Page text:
Title: Jazz Day: The Making of a Famous Photograph
Author: Roxane Orgill
Illustrator: Francis Vallejo
Pages: 55 pages
Publisher/Date: Candlewick Press, c2016.
In 1958, Art Kane had a crazy idea. Gather as many jazz musicians as possible in one place for a big black-and-white photograph, like a kind of graduation picture. (ix)
A collection of poems inspired by a famous photo of jazz musicians from almost 60 years ago, I’m unsure how much appeal or interest children will have in picking up this publication. Jazz is not something that is played regularly on the modern radio, and has been relegated to a stereotypical niche markets of listeners, such as NPR donors or college students who swing dance. Learning the stories behind the people featured in the photo are interesting, but not the primary goal of the book, which means you can’t even promote it as a collective biography, even though there are short biographies of a select few participants in the back. It’s good that the original photo was included along with a chart for identification purposes, but including the chart in the back matter might mean some readers will miss it entirely. The illustrations, primarily in sepia tones, seem more successful when focusing on a single person or small group than when trying to squeeze the entire group onto a page. There is little action to propel the story since it’s basically the story of how a photo was taken, and the poems cover vignettes of either the participants’ previous experiences or embellished accounts of the day. While I can recognize and pay homage to the historical significance of the photo, it’s going to be a hard hand sell for anyone who isn’t already interested in the topic.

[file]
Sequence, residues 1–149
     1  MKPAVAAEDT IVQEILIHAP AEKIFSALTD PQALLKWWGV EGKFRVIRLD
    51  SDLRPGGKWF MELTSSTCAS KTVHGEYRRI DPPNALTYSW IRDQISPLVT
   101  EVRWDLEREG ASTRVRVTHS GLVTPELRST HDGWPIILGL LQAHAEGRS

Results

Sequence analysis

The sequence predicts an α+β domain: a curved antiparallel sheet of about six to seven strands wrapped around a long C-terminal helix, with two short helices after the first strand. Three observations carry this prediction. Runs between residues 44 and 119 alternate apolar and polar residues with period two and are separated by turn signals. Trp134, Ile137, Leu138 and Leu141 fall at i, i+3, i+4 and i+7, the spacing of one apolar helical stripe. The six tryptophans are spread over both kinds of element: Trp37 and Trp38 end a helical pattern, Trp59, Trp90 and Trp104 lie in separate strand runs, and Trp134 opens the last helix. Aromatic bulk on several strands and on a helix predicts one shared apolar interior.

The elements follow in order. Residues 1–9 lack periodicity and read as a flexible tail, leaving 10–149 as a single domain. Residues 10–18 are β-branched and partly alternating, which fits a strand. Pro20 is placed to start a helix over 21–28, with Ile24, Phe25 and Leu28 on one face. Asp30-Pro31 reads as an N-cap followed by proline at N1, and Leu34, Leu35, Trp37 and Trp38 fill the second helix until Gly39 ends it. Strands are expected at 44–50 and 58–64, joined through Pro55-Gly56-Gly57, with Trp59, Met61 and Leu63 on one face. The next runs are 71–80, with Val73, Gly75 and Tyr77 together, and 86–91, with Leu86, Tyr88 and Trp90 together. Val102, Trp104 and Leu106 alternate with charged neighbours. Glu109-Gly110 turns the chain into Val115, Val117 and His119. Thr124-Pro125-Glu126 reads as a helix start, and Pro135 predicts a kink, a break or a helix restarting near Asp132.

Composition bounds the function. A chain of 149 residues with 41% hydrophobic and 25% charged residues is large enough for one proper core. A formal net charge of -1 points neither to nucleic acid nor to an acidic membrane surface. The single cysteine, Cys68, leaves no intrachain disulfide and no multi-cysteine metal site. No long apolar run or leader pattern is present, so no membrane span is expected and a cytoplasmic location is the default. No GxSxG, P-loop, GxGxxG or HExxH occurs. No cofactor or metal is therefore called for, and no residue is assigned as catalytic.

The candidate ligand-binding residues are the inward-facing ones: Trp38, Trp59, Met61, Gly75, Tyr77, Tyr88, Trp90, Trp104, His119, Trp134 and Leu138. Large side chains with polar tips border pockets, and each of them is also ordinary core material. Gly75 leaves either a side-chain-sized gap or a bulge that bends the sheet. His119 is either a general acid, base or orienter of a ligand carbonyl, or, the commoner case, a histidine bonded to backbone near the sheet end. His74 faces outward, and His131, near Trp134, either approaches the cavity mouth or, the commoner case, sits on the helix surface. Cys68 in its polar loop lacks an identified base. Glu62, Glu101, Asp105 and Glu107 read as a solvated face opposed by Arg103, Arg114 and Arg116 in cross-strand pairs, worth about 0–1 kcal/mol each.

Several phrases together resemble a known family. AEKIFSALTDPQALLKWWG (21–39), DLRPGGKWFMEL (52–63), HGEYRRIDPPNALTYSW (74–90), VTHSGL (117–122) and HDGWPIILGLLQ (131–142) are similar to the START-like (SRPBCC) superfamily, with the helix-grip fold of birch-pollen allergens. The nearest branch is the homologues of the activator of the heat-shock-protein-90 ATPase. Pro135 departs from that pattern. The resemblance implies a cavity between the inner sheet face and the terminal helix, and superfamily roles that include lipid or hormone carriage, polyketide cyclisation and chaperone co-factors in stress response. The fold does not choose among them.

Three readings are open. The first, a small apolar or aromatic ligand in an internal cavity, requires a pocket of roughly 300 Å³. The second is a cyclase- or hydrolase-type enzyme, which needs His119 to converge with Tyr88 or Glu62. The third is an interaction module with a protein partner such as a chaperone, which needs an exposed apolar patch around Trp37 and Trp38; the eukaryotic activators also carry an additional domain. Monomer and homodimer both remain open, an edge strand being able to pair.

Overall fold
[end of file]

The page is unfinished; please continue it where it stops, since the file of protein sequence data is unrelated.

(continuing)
This review is posted in honor of Nonfiction Monday. Take a look at what everyone else is reading in nonfiction this week.